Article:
More generally, the partnership with OpenAI lets Microsoft dominate any markets that arise from GPT-3 and other AI tools. This is because the GPT-3 API, which is still open to everyone else, serves as a product research project for Microsoft.
Whatever use cases a company finds for GPT-3, Microsoft will be able to do it cheaper, faster, and more accurately, and deploy it immediately to its existing customer base that spans across verticals. When OpenAI announced its $100M fund for AI startups, many speculated it was just a tool to spot potential acquisitions for Microsoft.
The Expanding AI Landscape of AWS and Google
Microsoft isn’t the only company working on AI integration and services. Amazon and Google are working on similar things. A quick ChatGPT query told me that AWS provides:
- Amazon SageMaker: a fully-managed service that allows developers to build, train, and deploy machine learning models at scale
- Amazon Rekognition: a service that uses deep learning algorithms to perform image and video analysis, including object and facial recognition
- Amazon Lex: a service that allows developers to build chatbots and other conversational interfaces using natural language understanding and automatic speech recognition
- Amazon Polly: a service that converts text into lifelike speech, allowing developers to build applications that can speak in multiple languages and voices
- Amazon Comprehend: a service that uses natural language processing (NLP) to extract insights from text, including sentiment analysis, entity recognition, and language detection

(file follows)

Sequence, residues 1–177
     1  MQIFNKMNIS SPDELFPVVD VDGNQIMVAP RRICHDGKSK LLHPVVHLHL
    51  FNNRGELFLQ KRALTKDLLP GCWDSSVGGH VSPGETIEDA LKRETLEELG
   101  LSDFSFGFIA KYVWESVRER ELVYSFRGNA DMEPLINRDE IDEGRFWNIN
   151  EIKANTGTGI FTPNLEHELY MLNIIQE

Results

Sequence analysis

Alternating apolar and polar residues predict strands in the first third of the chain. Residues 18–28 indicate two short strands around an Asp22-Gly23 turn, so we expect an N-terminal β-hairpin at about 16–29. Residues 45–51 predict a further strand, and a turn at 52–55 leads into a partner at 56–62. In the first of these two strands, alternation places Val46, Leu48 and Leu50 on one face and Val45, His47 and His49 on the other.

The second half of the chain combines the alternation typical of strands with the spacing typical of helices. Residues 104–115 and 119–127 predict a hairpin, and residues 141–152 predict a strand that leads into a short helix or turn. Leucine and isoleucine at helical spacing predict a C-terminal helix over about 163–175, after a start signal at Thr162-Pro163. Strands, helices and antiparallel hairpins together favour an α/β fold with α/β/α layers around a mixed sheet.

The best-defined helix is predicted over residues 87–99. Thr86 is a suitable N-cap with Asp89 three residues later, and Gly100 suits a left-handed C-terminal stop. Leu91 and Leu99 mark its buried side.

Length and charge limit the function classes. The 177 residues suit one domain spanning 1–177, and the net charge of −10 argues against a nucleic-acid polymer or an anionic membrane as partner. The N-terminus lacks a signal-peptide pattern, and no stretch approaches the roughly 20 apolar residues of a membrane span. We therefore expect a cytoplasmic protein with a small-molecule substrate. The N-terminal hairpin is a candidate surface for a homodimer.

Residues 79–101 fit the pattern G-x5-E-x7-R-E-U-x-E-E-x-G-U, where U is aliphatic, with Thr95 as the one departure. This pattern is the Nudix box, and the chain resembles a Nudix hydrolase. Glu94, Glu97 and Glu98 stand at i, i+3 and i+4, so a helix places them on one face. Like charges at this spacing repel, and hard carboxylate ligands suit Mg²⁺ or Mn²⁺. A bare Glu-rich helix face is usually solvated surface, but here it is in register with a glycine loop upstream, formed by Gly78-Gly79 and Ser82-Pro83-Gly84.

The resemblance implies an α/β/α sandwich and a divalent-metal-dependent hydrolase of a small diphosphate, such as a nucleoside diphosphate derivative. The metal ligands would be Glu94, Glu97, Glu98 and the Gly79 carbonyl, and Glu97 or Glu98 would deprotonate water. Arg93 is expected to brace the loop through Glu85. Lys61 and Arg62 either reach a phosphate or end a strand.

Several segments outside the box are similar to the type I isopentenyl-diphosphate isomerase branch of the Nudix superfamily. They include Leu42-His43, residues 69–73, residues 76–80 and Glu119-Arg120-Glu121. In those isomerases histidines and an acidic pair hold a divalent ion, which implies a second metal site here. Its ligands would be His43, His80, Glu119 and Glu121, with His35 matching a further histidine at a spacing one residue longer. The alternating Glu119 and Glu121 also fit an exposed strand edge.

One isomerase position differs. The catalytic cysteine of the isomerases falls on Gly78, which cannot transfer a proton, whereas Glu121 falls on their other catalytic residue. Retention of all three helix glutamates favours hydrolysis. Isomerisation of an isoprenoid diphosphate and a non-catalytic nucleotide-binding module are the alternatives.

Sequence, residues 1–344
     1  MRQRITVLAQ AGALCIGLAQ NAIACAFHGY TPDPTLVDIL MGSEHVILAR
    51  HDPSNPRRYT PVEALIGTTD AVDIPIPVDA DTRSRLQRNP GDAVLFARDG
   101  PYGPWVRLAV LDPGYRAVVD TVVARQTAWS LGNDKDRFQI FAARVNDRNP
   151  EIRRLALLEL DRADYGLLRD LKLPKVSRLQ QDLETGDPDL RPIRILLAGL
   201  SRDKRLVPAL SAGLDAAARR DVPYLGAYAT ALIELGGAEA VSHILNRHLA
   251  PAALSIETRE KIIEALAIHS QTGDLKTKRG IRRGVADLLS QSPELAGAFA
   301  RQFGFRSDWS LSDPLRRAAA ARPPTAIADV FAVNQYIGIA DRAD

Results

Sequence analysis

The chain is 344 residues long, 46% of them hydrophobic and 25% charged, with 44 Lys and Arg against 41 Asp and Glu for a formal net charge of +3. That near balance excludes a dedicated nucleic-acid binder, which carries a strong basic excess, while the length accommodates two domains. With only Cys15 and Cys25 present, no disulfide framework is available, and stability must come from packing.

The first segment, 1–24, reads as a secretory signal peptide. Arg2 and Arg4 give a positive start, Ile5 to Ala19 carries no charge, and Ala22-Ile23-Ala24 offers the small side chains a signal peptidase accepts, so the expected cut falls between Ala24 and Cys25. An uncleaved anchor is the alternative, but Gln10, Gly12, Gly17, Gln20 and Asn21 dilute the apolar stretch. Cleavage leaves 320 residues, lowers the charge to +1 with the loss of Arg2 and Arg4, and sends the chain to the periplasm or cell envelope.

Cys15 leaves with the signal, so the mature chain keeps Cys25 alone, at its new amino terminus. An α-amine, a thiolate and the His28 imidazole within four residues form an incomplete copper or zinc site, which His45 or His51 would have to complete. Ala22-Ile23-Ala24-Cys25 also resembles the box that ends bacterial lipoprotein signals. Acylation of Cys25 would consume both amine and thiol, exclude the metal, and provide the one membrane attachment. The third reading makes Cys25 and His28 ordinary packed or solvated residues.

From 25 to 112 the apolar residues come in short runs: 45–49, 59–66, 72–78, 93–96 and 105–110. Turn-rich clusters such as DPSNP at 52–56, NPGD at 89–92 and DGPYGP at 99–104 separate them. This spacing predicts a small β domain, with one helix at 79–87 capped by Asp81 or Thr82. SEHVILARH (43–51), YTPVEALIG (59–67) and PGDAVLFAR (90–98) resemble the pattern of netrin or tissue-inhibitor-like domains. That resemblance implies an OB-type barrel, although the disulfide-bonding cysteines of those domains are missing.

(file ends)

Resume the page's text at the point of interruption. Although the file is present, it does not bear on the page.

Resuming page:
While Google provides:
- Cloud AutoML: a suite of machine learning tools that enables developers with limited machine learning expertise to train high-quality models
- Cloud Natural Language: an NLP service that allows developers to extract insights from unstructured text data
- Cloud Vision: a computer vision service that enables developers to analyze and understand the content of images and videos
- Cloud Speech-to-Text: a speech recognition service that allows developers to convert audio and voice into written text
- Cloud Text-to-Speech: a text-to-speech service that enables developers to convert written text into natural-sounding speech
AI as a Service, or AIaaS, Emerges
AIaaS delivers the same benefits as cloud services themselves, allowing organizations with smaller budgets to create their own web servers. And the Azure integrations show the value of being able to run ML systems in the cloud without setting up or managing the technology directly.